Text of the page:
• Be prepared to say no. Or just have self control. Many of the freebies, such as bread, chips, crackers, etc. that sit on your table won’t be good options. I usually ask them to not bring it out or to remove it from my table. Out of sight, out of mind. In sight, it’s just an ugly reminder of your health issues.
  • Don’t be afraid to send food back. It’s not worth getting sick over… literally. Again, approach this in a a very kind manner, such as “I am so sorry, but I asked for no onions. Can this be remade?” Usually there is no issues and they will make you a new meal. However, be wary of them just taking it back to the kitchen and removing the items. This has happened to me and I usually ask again for it to be remade.
  • Stay calm. If the server has issues with you or gives you an attitude at any point, I ask to speak with the Manager in a calm, collected manner and explain what I need. Again, no extra detail is needed and getting angry will never solve anything. From there, it is usually handled and I make it a point to not head back to that restaurant again.
  • Take food home. Large meals can trigger IBS symptoms, so it’s a good idea to take part of your meal home with you.

Now that you’re prepared to eat out… what can you order? Surprisingly, there’s some great options that will allow you to be happy and healthy. And remember that salt and pepper will become your best friends!

Sample Low FODMAP Restaurant Items to Enjoy:

  • Eggs, cooked any way. Ensure to ask them to not include any additives, such as flour, milk or spices.
  • Omelet with Low FODMAP Ingredients. Ensure to ask them to not include any additives, such as flour, milk or spices.
  • Bacon.
  • Salads with Oil & Vinegar or Lemon Wedges for Dressing. I usually take my own homemade dressing, which works too. Be sure they don’t include onions, avocados, mushrooms, chickpeas, apples, dried fruit, cashews, croutons or bread. If the salad has any meat or seafood, ensure to ask them to grill it without spices.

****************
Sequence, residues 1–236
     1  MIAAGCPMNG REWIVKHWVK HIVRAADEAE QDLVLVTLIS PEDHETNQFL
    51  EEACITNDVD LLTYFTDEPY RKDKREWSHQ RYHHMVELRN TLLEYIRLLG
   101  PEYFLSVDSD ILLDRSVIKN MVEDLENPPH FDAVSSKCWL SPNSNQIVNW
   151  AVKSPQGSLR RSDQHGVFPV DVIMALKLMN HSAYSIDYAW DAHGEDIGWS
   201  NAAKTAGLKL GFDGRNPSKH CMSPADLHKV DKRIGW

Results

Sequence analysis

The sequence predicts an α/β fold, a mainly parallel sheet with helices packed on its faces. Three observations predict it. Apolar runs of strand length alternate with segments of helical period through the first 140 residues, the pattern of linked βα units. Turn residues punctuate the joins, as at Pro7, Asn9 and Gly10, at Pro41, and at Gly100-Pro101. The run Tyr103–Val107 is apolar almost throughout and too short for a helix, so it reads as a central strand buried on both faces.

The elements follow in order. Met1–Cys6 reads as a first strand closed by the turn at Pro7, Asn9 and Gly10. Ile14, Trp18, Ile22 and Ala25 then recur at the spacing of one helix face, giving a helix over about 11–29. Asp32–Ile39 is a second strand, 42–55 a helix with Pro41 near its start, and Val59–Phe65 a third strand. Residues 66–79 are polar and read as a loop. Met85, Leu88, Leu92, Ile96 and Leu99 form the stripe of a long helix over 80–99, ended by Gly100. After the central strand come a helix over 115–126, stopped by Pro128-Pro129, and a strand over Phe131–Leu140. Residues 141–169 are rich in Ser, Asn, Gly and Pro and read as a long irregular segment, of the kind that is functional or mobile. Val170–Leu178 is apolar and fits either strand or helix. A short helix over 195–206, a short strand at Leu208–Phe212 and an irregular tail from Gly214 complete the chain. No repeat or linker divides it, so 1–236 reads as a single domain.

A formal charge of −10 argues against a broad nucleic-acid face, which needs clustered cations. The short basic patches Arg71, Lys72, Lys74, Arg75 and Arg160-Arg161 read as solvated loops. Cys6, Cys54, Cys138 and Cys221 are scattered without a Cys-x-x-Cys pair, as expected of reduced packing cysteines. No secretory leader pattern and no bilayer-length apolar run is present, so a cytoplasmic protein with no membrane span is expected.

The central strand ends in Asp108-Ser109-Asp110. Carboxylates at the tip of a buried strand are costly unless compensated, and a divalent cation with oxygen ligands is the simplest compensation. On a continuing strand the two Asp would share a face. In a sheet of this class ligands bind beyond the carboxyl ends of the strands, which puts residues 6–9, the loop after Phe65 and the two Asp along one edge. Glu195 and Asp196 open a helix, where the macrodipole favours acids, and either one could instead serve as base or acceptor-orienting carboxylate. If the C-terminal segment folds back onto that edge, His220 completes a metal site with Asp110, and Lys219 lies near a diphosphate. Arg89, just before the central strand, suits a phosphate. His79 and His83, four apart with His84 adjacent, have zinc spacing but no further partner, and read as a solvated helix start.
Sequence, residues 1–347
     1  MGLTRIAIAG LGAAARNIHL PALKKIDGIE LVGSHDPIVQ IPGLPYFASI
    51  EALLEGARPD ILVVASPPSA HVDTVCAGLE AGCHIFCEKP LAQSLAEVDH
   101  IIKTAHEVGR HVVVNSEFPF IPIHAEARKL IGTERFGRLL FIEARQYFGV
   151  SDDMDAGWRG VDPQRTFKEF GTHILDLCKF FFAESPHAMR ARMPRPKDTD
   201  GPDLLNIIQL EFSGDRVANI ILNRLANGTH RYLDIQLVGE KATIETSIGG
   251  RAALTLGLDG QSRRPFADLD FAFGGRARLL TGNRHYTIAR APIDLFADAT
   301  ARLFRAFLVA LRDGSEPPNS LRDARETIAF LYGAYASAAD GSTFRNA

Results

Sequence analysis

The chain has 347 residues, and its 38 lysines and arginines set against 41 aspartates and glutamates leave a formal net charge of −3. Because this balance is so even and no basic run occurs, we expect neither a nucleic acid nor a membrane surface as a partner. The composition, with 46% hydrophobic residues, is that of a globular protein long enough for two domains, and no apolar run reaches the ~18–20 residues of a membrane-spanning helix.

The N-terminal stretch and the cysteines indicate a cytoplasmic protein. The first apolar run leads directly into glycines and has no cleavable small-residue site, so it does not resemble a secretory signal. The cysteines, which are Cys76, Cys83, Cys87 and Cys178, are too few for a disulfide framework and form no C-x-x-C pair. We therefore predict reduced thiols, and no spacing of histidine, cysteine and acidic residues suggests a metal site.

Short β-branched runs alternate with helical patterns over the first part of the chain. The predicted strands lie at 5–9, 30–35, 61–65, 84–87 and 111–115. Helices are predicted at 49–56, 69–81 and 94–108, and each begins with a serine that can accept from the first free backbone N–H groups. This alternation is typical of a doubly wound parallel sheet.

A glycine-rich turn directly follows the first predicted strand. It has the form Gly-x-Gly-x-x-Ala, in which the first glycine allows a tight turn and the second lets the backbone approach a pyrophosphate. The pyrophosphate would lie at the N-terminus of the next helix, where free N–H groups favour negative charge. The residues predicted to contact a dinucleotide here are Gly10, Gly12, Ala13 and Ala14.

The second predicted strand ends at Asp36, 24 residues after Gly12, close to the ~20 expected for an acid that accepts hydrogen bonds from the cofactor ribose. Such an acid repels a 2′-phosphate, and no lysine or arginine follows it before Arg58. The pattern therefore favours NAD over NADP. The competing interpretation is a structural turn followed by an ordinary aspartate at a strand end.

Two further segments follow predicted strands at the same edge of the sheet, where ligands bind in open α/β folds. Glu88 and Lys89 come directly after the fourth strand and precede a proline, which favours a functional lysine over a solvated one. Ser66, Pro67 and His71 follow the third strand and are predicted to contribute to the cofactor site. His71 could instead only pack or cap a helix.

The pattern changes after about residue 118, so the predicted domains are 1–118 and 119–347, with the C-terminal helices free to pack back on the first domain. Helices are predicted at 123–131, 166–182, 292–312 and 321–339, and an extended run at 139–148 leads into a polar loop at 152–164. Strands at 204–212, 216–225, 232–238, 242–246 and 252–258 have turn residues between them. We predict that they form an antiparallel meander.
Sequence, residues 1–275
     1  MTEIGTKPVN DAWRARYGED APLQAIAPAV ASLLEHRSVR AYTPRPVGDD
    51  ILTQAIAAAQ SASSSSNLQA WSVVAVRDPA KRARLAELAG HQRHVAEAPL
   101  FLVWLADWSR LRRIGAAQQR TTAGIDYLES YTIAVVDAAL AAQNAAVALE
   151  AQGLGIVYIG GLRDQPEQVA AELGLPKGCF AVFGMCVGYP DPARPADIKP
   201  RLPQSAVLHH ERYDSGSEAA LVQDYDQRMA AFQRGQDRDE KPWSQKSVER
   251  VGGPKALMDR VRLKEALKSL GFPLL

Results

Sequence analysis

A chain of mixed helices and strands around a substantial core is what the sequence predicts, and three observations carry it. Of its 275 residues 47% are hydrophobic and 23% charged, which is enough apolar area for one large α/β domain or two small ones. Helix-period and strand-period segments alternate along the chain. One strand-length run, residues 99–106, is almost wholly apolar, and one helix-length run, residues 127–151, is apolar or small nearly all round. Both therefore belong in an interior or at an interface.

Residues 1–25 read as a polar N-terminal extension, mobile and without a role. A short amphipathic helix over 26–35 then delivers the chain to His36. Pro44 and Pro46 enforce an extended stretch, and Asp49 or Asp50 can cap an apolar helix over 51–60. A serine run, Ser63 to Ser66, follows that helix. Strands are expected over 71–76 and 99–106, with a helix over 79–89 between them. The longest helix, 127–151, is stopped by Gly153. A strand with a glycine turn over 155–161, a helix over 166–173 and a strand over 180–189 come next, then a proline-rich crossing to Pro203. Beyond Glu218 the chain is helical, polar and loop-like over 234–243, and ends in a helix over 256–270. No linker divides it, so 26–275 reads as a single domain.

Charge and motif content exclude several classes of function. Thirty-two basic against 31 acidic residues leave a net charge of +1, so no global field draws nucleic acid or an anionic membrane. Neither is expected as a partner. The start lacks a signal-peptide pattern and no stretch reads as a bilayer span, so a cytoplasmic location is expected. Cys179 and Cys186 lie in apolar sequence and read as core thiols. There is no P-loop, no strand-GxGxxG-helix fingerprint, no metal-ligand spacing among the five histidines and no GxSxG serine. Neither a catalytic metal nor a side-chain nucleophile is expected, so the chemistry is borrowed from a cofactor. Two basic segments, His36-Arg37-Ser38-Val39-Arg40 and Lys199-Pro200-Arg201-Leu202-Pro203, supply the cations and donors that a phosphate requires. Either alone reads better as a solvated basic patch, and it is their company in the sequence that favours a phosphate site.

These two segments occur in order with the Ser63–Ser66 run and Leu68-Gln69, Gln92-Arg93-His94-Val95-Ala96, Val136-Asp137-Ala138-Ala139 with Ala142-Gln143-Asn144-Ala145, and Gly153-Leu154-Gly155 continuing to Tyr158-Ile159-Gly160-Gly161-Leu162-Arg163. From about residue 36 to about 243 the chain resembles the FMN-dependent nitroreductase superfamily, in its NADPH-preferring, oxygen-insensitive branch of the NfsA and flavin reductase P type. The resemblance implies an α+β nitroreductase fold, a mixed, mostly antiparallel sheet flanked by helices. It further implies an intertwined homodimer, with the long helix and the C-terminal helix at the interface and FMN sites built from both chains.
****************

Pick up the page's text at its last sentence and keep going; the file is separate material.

• Plain Grilled Chicken. Cheese can be added. No spices or sauces.
  • Plain Grilled Steak. No spices or sauces.
  • Plain Grilled Fish or Seafood. No spices or sauces.
  • Gluten Free Pasta with Parmesan Cheese and a hint of Butter.
  • Grilled, Steamed or Stir-Fried Low FODMAP Vegetables. No spices or sauces.
  • Baked Potato with Chives, Bacon and Cheese. No sour cream. Butter can be OK in small quantities.
  • French Fries or Potato Wedges (if made without wheat and fried in a dedicated fryer). No spices or sauces, including ketchup.
  • Tortilla Chips (if made without wheat). Unfortunately, most of the dipping sauces are out, so this is a very boring option.
  • Plain Brown or White Rice. No spices or sauces.
  • Low FODMAP Fruit.
  • Cheese Plate with Prosciutto. Stick to hard cheeses.

Got other options? I’d love to hear them!

Low FODMAP Restaurant Options


15 thoughts on “Restaurant Tips & Options on the Low FODMAP Diet

  1. Great article! I appreciate how you state the obvious truth that it is going to be difficult. Sometimes just acknowledging the circumstances can be helpful. I will look into the restaurants you provided at the end

  2. Pingback: Low FODMAPs Diet Round-Up - Mindful Meals

  3. HI Heather,
    Really helpful post – thanks!

    I’m Canadian but do all my travelling on Amtrak for carbon reasons (BTW taken The Empire Builder to Chicago twice – my favourite city for great architecture).

    How to cope on the train now I’m on the FODMAPs elimination diet? Got any ideas? I’m vegan, but will eat eggs if there’s no alternative and I can handle limited dairy products by taking antihistimines beforehand. I have two 46 hour trips to S California and home coming up (too late to cancel) and the ‘vegetarian option’ is always bean burger in a bun for lunch or cheese pasta with a sauce (containing onions and/or flour) for dinner. I can make do with just some scrambled egg on its own at breakfast.

    Of course you can’t take most fruit/veg across the border, so I usually cope by having almonds (not allowed on diet) and dried fruit (ditto) with me to eat. Can you suggest alternatives? The chefs on Amtrak won’t do variations on anything – it’s all reheated food from plastic pouches unless you eat meat/fish…..

    Also, can you recommend any US food chains that I should aim for, now I have such a restricted diet? Subway and Chipotle used to be favourites 😦

    • Hi Penny,

      I never leave home without my homemade gluten free zucchini bread. It’s my breakfast and snack while I’m on the road. Here’s another good list of packaged snacks: which can be helpful while traveling.

      As for restaurants, Subway can still be a great option, but opt for a salad instead. Since you get to pick your own toppings, it’s an ideal fit. However, dressing may be an issue, but you can opt for lemon, oil and/or vinegar. I’m a big fan of Wendy’s baked potatoes, and any place that serves salads, like Panera Bread. For sit-down places, I usually try to find a place that has a gluten free menu and then go from there.

      Good luck!